What is a stratospheric balloon?

The stratospheric balloon that SORCE will fly on is launched by the Canadian Space Agency’s STRATOS campaign from their balloon base in Timmins, ON. The following excellent description is excerpted from the CSA’s website:

Stratospheric balloons are high-altitude balloons that are released into the stratosphere. They are the only type of balloons that can be operated in this region of the atmosphere (15 to 45 km in altitude), which is too low for satellites, too high for aircraft and cleared too quickly by rockets. The Canadian Space Agency uses stratospheric balloons to test and validate new technologies developed for long-duration space missions and to perform scientific experiments in a near-space environment.

Comparison between the CN Tower and a stratospheric balloon. (Credit: Canadian Space Agency)

Stratospheric balloons are typically made out of ultra-thin plastic filled with helium and can stretch into a gigantic upside-down “teardrop” shape more than half as tall as the CN Tower, or about the height of the Eiffel Tower. They are equipped with several gondolas suspended on the flight chain. The gondolas can carry science, astronomy, atmospheric chemistry, weather forecasting and technological demonstration payloads weighing up to 1.1 tons altogether.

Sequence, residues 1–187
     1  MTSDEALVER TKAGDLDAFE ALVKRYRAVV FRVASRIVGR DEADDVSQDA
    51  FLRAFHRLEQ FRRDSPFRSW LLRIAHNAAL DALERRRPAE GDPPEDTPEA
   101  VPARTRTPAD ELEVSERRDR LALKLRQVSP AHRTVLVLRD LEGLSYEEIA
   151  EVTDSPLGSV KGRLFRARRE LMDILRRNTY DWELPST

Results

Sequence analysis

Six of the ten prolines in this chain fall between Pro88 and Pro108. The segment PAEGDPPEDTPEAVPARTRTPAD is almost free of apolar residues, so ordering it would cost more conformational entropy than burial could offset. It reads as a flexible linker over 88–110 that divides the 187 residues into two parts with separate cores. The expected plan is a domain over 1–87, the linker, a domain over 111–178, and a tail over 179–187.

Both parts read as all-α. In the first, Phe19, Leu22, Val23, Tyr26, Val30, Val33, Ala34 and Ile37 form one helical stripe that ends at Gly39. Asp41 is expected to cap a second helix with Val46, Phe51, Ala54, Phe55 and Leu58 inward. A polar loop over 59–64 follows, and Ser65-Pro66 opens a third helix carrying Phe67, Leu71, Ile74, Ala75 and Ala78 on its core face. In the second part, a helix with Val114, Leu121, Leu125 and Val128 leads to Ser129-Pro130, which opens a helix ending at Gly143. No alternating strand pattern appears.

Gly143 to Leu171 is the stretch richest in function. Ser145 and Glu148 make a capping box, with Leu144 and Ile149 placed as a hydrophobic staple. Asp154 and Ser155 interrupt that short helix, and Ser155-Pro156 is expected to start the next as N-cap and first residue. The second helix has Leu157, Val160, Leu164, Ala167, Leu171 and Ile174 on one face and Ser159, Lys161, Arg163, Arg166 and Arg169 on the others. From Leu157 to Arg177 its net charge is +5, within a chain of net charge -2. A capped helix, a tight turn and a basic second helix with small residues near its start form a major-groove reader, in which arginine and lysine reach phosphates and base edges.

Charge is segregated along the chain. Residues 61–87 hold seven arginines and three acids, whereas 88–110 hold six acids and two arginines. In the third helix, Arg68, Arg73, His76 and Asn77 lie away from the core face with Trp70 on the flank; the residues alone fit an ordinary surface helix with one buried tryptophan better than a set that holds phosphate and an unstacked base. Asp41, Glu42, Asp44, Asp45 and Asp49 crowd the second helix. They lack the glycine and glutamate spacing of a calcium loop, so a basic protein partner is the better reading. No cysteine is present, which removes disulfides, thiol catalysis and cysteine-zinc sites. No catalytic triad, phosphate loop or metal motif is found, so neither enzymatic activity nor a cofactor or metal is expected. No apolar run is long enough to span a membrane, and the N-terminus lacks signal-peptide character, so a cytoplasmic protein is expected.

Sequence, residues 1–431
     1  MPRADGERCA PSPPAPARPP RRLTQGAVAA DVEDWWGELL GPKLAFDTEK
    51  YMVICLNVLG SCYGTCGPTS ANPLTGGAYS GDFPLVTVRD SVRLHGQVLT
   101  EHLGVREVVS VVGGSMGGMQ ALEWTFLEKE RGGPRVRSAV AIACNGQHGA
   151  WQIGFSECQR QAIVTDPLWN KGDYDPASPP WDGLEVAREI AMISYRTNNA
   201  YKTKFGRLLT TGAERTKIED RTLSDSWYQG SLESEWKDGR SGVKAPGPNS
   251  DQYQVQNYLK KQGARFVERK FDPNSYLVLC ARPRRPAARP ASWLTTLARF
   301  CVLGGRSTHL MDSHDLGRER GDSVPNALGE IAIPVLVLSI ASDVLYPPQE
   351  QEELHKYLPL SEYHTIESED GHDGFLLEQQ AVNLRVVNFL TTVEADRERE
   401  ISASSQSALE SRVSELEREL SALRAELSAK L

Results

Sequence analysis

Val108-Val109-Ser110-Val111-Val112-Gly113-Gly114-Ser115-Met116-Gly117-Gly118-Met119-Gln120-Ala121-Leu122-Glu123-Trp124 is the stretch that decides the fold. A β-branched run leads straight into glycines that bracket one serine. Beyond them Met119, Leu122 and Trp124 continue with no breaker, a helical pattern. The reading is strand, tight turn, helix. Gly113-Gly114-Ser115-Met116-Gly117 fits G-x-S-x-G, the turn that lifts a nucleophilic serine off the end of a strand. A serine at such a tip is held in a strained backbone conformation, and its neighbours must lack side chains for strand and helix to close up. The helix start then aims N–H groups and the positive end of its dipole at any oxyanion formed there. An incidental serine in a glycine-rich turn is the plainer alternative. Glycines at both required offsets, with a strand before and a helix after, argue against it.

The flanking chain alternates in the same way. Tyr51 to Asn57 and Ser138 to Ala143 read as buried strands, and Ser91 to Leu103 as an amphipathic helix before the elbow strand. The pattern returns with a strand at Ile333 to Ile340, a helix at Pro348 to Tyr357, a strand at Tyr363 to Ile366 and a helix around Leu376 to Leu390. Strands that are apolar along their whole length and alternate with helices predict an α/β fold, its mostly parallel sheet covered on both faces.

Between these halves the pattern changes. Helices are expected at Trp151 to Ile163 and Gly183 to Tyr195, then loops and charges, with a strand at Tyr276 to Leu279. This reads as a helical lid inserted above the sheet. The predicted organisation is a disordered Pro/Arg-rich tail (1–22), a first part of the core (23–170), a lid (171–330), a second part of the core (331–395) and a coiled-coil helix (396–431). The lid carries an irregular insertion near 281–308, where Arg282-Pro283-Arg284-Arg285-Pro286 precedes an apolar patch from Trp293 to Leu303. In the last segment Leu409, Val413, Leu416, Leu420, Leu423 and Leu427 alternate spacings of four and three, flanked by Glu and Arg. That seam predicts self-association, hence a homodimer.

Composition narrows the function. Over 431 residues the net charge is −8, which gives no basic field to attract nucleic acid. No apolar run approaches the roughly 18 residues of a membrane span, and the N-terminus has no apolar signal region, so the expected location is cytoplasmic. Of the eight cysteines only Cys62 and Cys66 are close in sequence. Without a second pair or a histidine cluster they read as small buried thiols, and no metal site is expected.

These balloons require no engine and no fuel and are fully recovered after each flight. They can reach altitudes of up to 42 km, holding their instrument packages aloft for several hours. Some balloons can even conduct long-duration flights, lasting days, weeks and even months.

Stratospheric balloons are a platform of choice for scientists and engineers, as they can be used to test and advance space science for far less than the cost of a satellite (up to 40 times less) and provide an opportunity to carry out concrete scientific experiments in a short period of time and obtain results quickly.

Infographic showing the different layers of the Earth's atmosphere
Stratospheric balloons reach as high as the stratosphere, which is the second layer of the atmosphere from the earth’s surface. (Credit: Canadian Space Agency)

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